The only interesting area is Lanayru. It’s the only area with an impressive landscape and one that seems heaped in history. Eldin is just dull. I hate how they make you go through these areas AGAIN just to get the tears or whatever.

    Controls, while not as bad as people say, as still annoying and the game would work 10000x better with normal controls. The game places so much weight on combat that the rest of the game really suffers for it.

    SS is a burden to play through. It has more frustrations than strengths. I don’t think it is even a good video game, let alone a good Zelda game.I would probably buy an HD remake, but I doubt I’d get very far.

    • CruxEternal

      You’re looking for impressive landscapes on a Wii game. Keep in mind no one is going to find that in the era the ps3 and x360 brought with them. No Zelda game prior had impressive landscapes either. I mean come on who looks at OoT and says look at those impressive flat surfaces with muddy textures.

  • forgot

    Motion controls were tedious and fighting Ghirahim was obnoxious, but controls were the least of its problems. The real reason it was bad was because of the wild goose chase it puts you in in those three worlds. And the story isn’t nearly as great as everyone talks it up to be. Fi also ruined a good chunk of the experience hand holding (and no I didn’t feel bad when she died. She felt more like an opposing force in the whole game). In other words these points are pretty spot on but did a pretty poor job of countering them. Rather than focusing solely on why the game sucked, build a case on why it was good. Countering by calling the rest of the series annoying doesn’t really help.

    • CruxEternal

      I don’t think you know what tedious means.

      Wild goose chase? Every Zelda game ever.

      The story. I disagree with you heavily there. To each his own.

      Fi. Annoying, sure. But a ruiner I think not. Nothing stopped you from mashing A the minute she started rambling on how to do something. Hand holding was a problem for the game and I hope fi gets reworked to be more faithful companion than tutorial in a future remaster.

      If anything I feel like you just have it out for this game. Like a great many made bitter by the Wii. If that isn’t the case, take a moment to remove that chip on your shoulder and examine the game for what it is and stop expecting someone else to make the point for you.

    • Vados

      It’s not like Skyward Sword is the only Zelda game that forces you to go on a McGuffin hunt. At least it’s not like Wind Waker, where all of a sudden you have to sail across the entire ocean in search of Jabun, only to do rope swing tutorials again.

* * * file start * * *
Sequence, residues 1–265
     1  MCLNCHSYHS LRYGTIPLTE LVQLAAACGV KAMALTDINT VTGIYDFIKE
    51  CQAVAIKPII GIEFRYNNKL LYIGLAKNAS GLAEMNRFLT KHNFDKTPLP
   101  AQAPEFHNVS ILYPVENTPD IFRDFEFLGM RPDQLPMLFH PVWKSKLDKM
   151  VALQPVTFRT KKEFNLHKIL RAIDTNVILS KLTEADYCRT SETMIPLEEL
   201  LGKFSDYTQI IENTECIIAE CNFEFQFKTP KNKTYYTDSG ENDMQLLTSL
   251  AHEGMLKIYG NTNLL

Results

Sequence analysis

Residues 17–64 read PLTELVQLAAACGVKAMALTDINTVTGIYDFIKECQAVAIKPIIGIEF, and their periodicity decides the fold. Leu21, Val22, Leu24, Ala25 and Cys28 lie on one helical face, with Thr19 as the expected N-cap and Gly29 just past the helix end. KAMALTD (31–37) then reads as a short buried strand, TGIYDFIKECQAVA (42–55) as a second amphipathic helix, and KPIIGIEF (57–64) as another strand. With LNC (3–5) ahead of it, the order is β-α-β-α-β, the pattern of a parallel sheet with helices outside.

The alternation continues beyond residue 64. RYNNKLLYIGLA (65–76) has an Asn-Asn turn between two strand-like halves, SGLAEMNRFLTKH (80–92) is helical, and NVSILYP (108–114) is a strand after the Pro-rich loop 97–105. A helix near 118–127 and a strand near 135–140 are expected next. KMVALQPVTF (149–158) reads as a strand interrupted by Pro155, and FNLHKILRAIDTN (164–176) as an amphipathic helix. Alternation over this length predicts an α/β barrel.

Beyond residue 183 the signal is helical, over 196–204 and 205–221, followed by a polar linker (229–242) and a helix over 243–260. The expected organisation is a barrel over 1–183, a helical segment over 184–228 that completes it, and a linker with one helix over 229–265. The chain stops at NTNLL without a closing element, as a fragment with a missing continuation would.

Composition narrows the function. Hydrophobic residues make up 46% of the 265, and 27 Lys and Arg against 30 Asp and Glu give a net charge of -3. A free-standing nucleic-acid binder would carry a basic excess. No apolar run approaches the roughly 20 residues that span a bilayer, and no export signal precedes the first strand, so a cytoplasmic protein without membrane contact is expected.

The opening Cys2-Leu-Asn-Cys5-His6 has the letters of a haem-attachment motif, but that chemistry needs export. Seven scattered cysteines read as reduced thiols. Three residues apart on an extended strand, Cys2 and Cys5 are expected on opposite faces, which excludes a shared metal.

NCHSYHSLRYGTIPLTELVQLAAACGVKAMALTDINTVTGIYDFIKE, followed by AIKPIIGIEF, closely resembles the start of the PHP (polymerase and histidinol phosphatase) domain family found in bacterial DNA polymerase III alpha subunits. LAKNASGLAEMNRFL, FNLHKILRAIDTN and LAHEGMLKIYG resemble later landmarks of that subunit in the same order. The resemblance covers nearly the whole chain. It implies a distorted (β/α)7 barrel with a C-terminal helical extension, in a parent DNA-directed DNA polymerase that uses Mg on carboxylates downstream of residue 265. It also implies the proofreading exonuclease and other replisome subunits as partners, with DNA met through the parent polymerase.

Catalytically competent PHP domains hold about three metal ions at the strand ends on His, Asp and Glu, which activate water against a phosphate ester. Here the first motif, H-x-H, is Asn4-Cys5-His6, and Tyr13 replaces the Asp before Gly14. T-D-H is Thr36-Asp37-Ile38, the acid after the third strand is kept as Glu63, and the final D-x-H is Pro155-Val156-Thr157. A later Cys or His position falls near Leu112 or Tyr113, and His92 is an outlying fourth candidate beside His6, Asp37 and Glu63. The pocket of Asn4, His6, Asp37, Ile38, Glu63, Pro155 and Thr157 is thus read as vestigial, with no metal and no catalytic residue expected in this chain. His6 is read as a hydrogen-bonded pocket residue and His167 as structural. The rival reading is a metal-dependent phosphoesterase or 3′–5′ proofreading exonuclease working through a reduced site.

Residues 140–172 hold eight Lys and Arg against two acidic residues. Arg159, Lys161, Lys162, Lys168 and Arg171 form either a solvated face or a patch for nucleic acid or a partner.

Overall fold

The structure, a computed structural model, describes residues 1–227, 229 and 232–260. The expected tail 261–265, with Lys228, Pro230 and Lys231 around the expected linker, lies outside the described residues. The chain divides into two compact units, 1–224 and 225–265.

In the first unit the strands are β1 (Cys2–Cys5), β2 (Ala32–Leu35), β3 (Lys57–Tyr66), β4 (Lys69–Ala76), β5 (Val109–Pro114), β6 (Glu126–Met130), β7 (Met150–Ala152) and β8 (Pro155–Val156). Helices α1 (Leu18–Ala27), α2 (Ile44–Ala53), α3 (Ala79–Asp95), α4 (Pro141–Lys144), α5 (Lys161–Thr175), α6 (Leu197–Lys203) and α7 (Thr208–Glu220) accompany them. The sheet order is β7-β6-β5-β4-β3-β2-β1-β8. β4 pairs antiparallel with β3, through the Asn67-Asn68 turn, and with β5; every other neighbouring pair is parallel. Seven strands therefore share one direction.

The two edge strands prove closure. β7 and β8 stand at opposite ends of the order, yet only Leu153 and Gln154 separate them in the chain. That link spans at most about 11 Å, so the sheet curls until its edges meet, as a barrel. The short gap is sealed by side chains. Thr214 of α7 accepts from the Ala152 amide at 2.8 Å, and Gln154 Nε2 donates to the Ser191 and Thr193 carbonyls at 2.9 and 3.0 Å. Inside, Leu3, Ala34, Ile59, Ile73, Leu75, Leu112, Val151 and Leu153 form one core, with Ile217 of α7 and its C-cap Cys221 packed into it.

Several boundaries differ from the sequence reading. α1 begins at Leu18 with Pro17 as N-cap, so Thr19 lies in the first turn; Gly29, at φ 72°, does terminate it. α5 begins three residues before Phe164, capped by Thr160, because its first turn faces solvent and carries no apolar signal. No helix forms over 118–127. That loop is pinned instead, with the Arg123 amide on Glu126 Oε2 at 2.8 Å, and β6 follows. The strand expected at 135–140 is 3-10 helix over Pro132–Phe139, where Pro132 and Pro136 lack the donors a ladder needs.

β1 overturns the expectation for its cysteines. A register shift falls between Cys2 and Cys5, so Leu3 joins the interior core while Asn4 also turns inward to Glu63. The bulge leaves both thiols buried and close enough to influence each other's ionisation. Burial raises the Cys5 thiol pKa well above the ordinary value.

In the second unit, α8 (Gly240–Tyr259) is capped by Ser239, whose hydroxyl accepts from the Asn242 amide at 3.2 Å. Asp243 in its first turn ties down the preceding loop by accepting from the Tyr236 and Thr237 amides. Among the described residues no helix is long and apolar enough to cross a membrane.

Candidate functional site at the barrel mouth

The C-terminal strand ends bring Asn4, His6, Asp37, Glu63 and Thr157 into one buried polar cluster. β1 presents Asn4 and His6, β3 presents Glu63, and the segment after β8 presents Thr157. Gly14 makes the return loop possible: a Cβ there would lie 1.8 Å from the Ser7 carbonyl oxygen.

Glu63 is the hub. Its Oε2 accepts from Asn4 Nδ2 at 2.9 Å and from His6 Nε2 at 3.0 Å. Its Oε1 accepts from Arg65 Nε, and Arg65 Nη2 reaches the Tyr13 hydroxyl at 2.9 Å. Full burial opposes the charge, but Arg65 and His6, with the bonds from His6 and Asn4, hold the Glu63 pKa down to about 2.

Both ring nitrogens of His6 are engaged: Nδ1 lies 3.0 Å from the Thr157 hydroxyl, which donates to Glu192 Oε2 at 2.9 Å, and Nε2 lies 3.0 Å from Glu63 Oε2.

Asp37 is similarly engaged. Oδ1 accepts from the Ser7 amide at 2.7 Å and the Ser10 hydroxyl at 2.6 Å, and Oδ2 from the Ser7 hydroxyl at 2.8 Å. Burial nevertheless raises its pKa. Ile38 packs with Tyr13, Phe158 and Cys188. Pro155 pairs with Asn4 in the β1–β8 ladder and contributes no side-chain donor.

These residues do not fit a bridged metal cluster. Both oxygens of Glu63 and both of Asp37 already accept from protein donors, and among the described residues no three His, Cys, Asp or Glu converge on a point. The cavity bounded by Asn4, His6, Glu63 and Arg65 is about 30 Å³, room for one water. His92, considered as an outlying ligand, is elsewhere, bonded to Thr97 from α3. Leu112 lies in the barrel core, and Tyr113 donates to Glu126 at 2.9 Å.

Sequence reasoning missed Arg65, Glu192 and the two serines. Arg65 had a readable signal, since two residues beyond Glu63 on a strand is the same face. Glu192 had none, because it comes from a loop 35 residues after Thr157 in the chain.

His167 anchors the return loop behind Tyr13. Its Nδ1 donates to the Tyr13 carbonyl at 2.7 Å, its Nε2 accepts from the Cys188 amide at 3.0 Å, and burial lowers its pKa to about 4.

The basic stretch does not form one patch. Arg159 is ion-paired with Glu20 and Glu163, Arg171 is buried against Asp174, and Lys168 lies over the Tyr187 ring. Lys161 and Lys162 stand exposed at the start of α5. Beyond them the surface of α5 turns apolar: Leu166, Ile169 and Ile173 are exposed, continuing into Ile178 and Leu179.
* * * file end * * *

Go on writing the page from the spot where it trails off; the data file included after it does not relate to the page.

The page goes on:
• Graeme Masciuch

    It needs to be acknowledged that not everyone has perfectly working motion controls. It will swing left when I’m swinging right, up when I’m swinging down, and worse. The solution appears to be to swing the sword consistently until it calibrate and syncs up.
    An HD remake on the Switch with retuned and properly functioning (and optional) motion controls would redeem Skyward Sword.

    • Zenzen00

      maybe, just maybe, you just didn’t move your hand how it should be and winded up to the right when you were trying to swing left, and it took that first wind up, but you just didn’t realize it

      • Graeme Masciuch

        That’s not the problem. And people need to stop what you’re doing. The motion controls are not consistent for everyone. Because you have a successful experience does not mean everyone else does.

        I literally have to do several up and down swings to get the controls to sync up and track properly, and even then it is unreliable.

        We’re talking I will swing sideways and it give me an up slash kind of shit here.

        Lighting is a huge factor. If I play when there’s no glare from the sun it’s much better, but far from perfect still.

        Unless both my motion plus controllers happened to be defective(same issues on both) there is a glitch or flaw that not everyone is affected by.

        I wish I could enjoy Skywards Sword’s motion controls, but despite every effort to adjust everything possible I cannot get consistency from the motion controls. Sometimes they work great, sometimes it’s on the hot pipe.

        • CruxEternal

          Well being this a Nintendo geeks website, hook up your Wii U, get a Wii motion plus controller for Wii u and try again. If you’re having those sorts of issues its either signal interference or user error. Its not the games fault at this point.

          • Graeme Masciuch

            Skyward Sword is for the Wii, not Wii U.

            You can go tell yourself it’s user error in the mirror all day long son.

          • CruxEternal

            Really ?! I figured the missing U on the box was a printing error /sarcasm

            Don’t be dense the wii u is backward compatible with the wii software. That sensor bar is not for show. I’m telling you to use different hardware, because there maybe something wrong with your equipment. Seeing as you didn’t put 1 and 1 together, I can only assume user error is the source of many of your issues.

          • Graeme Masciuch

            Don’t own a Wii U and am not very familiar with it.

            Acting like people can just go buy a Wii U like it’s nothing is not helpful.

            There is a significant amount of people the motion plus does not work as advertised for and there is very little for tutorials and/or troubleshooting issues.

            Downplaying it is not a solution.
            Telling people to buy new hardware when brand new out of the box hardware does not work properly is not a solution.

          • CruxEternal